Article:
Google discovered a critical flaw in SSLv3 and its vulnerability, known as “POODLE”, which can allow an attacker to extract secret information from inside of an encrypted transaction. SSLv3 is an old version of the security system that underlies secure Web transactions and is known as the “Secure Sockets Layer” (SSL).

How could an attacker exploit the vulnerability?
In a man-in-the-middle (MiTM) attack, an attacker could downgrade an encrypted TLS session forcing clients to use SSL 3.0 and then force the browser to execute malicious code. This code sends several requests to a target HTTPS website, where cookies are sent automatically if a previous authenticated session exists. This is a required condition in order to exploit this vulnerability. The attacker could then intercept this HTTPS traffic, and by exploiting a weakness in the CBC block cypher in SSL 3.0, could decrypt portions of the encrypted traffic (e.g. authentication cookies).

How to disable SSL version 3.0 in windows?

Microsoft suggested some workaround to disable the SSL3.0 in client and server side. Also they mentioned that Internet Explorer will fail to connect to Web servers that only support SSL up to 3.0 and don’t support TLS 1.0, TLS 1.1, and TLS 1.2. Before applying below workaround ensure that all web server has migrated to TSL.

 

Disable SSL 3.0 and enable TLS 1.0, TLS 1.1, and TLS 1.2 in Internet Explorer
You can disable the SSL 3.0 protocol in Internet Explorer by modifying the Advanced Security settings in Internet Explorer.

To change the default protocol version to be used for HTTPS requests,

perform the following steps:
1.On the Internet Explorer Tools menu, click Internet Options.
2.In the Internet Options dialog box, click the Advanced tab.
3.In the Security category, uncheck Use SSL 3.0 and check Use TLS 1.0,

Use TLS 1.1, and Use TLS 1.2 (if available).
4.Click OK.
5.Exit and restart Internet Explorer.

Note  After applying this workaround, Internet Explorer will fail to connect to Web servers that only support SSL up to 3.0 and don’t support TLS 1.0, TLS 1.1, and TLS 1.2.

 

Disable SSL 3.0 and enable TLS 1.0, TLS 1.1, and TLS 1.2 for Internet Explorer in Group Policy
You can disable support for the SSL 3.0 protocol in Internet Explorer via Group Policy by modifying the Turn Off Encryption Support Group

Policy Object.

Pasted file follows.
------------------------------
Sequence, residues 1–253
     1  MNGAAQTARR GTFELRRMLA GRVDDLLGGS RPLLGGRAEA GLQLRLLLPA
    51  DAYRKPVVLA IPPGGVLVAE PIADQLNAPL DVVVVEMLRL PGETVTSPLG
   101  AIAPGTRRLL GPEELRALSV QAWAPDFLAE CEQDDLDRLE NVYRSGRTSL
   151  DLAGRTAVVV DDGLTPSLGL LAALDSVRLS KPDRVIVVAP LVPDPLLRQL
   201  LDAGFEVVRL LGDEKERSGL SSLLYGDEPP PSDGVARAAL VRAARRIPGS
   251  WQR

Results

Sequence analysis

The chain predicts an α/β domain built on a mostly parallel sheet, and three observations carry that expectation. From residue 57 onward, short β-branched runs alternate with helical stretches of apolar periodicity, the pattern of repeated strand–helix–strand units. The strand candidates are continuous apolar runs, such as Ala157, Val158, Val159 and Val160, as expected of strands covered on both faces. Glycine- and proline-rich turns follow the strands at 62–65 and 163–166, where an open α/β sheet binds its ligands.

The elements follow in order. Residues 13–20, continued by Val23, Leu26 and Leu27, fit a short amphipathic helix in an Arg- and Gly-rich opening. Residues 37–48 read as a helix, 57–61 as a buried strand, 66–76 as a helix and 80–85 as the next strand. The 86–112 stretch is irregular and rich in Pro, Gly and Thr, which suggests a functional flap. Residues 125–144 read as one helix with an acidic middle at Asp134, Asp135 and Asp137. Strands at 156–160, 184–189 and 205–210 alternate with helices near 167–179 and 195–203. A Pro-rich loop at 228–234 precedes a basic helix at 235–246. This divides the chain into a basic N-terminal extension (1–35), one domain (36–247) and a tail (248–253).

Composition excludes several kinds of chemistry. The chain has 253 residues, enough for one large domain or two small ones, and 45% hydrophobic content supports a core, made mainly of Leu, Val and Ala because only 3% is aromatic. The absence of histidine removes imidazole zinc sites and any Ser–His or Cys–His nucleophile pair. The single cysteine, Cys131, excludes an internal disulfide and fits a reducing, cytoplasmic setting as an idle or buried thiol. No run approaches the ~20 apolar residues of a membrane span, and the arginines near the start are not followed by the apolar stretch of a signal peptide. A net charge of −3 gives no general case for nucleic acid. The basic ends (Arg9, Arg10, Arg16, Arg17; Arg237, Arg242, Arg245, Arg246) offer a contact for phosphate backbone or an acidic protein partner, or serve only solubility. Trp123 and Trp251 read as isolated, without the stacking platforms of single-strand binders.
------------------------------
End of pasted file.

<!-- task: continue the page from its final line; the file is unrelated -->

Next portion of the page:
1.Open Group Policy Management.
2.Select the group policy object to modify, right click and select Edit.
3.In the Group Policy Management Editor, browse to the following setting:
Computer Configuration -> Administrative Templates -> Windows Components -> Internet Explorer -> Internet Control Panel -> Advanced Page -> Turn off encryption support
4.Double-click the Turn off Encryption Support setting to edit the setting.
5.Click Enabled.
6.In the Options window, change the Secure Protocol combinations setting to “Use TLS 1.0, TLS 1.1, and TLS 1.2”.
7.Click OK.

Note Administrators should make sure this group policy is applied appropriately by linking the GPO to the appropriate OU in their environment.
Note After applying this workaround, Internet Explorer will fail to

connect to Web servers that only support SSL up to 3.0 and don’t support TLS 1.0, TLS 1.1, and TLS 1.2.

 

Disable SSL 3.0 in Windows
You can disable support for the SSL 3.0 protocol on Windows by following

these steps:
1.Click Start, click Run, type regedt32 or type regedit, and then click OK.
2.In Registry Editor, locate the following registry key:

Note If the complete registry key path does not exist, you can create it by expanding the available keys and using the New -> Key option from the Edit menu.

3.On the Edit menu, click Add Value.
4.In the Data Type list, click DWORD.
5.In the Value Name box, type Enabled, and then click OK.
Note If this value is present, double-click the value to edit its current value.

6.Type 00000000 in Binary Editor to set the value of the new key equal to “0”.
7.Click OK. Restart the computer.

Note This workaround will disable SSL 3.0 for all server software installed on a system, including IIS.
Note After applying this workaround, clients that rely only on SSL 3.0 will not be able to communicate with the server.

disable ssl3.0

Reference :

http://support.microsoft.com/kb/187498/en-us

https://www.ssllabs.com/ssltest/

https://technet.microsoft.com/library/security/3009008.aspx